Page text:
This past Fourth of July, the Freedom from Religion Foundation took out a full-page ad in a number of newspapers, the banner of which proclaimed, “Celebrate Our Godless Constitution.” According to FFRF’s description of it, the ad quoted “U.S. Founders and Framers on their strong views against religion in government, and often critical views on religion in general.” Its purpose was to counter Hobby Lobby’s annual July 4th ad, which “shamelessly promote[s] the myth that the United States was founded on God and Christianity.”
The ad is strange for several reasons. For one thing, the Fourth of July celebrates the decidedly non-godless Declaration of Independence, not the supposedly godless Constitution. For another, three of the six Founders quoted—Thomas Paine, John Adams, and Thomas Jefferson—were not part of the convention that drafted the Constitution. And finally, the ad selectively quotes the Founders, overlooking the more benign view of religion found in other statements by them. (For a balanced overview of the role of religion in the Founding, see the Library of Congress’s exhibit, “Religion and the Founding of the American Republic.”)
I mention this ad not so much to refute it as to provide context for my review of James P. Byrd’s excellent new book, Sacred Scripture, Sacred War: The Bible and the American Revolution. Before we enlist history on one side or another of a contemporary political cause—whether on behalf of FFRF’s secularism or Hobby Lobby’s Christian nationalism—we must understand it on its own terms. Failing to do so results in anachronistic, selective readings of history that misinform—sometimes, intentionally disinform—rather than inform the readers.
The focus of Sacred Scripture, Sacred War is “how the Bible inspired patriotism in Revolutionary America” (p. 2). Byrd approvingly quotes Gordon S. Wood on this topic: “it was the clergy who made the Revolution meaningful for most common people” because “for every gentleman who read a scholarly pamphlet and delved into Whig and ancient history for an explanation of events, there were dozens of ordinary people who read the Bible and looked to their ministers for an interpretation of what the Revolution meant” (ibid).
To see how the Bible inspired patriotism, Byrd compiled what he describes as “the most comprehensive database on the Bible in colonial America, including 17,148 biblical citations from 543 sources over more than a century (1674–1800)” (p. 169). Based on this database, he identified the eight “most cited biblical chapters (50 or more citations) in the Revolutionary Era (1763–1800)”: Romans 13, Exodus 14–15, Galatians 5, Judges 4–5, 1 Peter 2, 1 Kings 12, Psalm 124, and Matthew 5 (p. 170). Successive chapters in Sacred Scripture, Sacred War describe how Patriots used these passages to buttress their revolutionary resolve, often in the teeth of Loyalist criticism.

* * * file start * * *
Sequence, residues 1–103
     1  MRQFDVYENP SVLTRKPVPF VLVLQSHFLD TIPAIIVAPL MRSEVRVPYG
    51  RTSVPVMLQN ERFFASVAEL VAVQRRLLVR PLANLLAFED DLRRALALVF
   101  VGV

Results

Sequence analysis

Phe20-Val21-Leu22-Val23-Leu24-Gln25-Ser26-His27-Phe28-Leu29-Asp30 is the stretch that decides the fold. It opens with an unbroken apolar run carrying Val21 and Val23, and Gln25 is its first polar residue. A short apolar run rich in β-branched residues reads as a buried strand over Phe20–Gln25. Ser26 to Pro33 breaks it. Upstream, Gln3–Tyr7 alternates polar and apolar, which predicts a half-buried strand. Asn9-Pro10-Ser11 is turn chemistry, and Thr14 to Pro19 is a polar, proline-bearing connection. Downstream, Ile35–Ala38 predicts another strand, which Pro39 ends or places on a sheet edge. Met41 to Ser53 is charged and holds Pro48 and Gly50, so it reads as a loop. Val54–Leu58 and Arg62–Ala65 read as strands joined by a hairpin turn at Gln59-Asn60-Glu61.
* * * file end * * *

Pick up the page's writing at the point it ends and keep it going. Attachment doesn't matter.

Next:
Not surprisingly, patriotic clergy often turned to martial passages in the Old Testament to exhort their parishioners both to die and to kill for the revolutionary cause. God’s deliverance of Israel from slavery in Egypt, accomplished by divine war against Pharaoh and his army, was an obvious choice for revolutionary preachers. So was the boldness of Deborah and Jael against Sisera the Canaanite general Sisera. Then, of course, there was David, who combined both martial prowess with spiritual depth, serving as a model for Patriot soldiers. (The fact that David was a king required some finessing on the part of preachers.)
More controversially, patriotic clergy rooted support for the Revolution in New Testament texts. “Stand fast therefore in the liberty wherewith Christ hath made us free” (Galatians 5) was a biblical motto for the Revolution. Other New Testament passages required significant re-interpretation. Should Patriots submit to the king as Paul and Peter commanded (Romans 13, 1 Peter 2)? John Wesley certainly thought so, but patriotic clergy argued that obedience was owed only to just kings. Didn’t Jesus command his followers to turn the other cheek and love their enemies (Matthew 5)? Yes, but Revelation also portrayed Jesus—like God in the Old Testament—as a man of war.
Having surveyed the use of select biblical passages by Patriots, Byrd identifies three roles the Bible played in the Revolution (pp. 164–166): “Its primary purpose was to forge militant patriotism.” Second, it underwrote republicanism. Byrd quotes Rev. John Mellen, whose view was common among Patriots: “liberty is the spirit and genius, not only of the gospel, but of the whole of that revelation, we have, first and last, received from God.” Third, it provided “virtuous heroes” for Patriots to emulate.
One need not agree with Patriot exegesis of Scripture in order to appreciate the role it played in their revolutionary cause. Byrd’s task in Sacred Scripture, Sacred War is descriptive, not normative. That is, he describes how Patriots used the Bible; he doesn’t judge their use of it. That is the task of Christian theologians, not historians. For my part—American patriot that I am—I nonetheless unsettled by how my colleagues in the 18th-century clergy used the Bible in the cause of war. (Of course, on the other side, Loyalist uses of Scripture generated their own set of exegetical problems.)
Regardless of my reservations about Patriot exegesis, I am unreservedly appreciative of James P. Byrd’s analysis of it, and heartily recommend it to readers interested the role religion played in the American Founding. Perhaps some open-minded person at the Freedom from Religion Foundation will read it too and come to realize that both the godly and the godless felt they had a stake in the Revolution.
P.S. If you’re interested in reading some of those patriotic sermons, check out
P.P.S. If you found my review helpful, please vote “Yes” on my Amazon.com review page.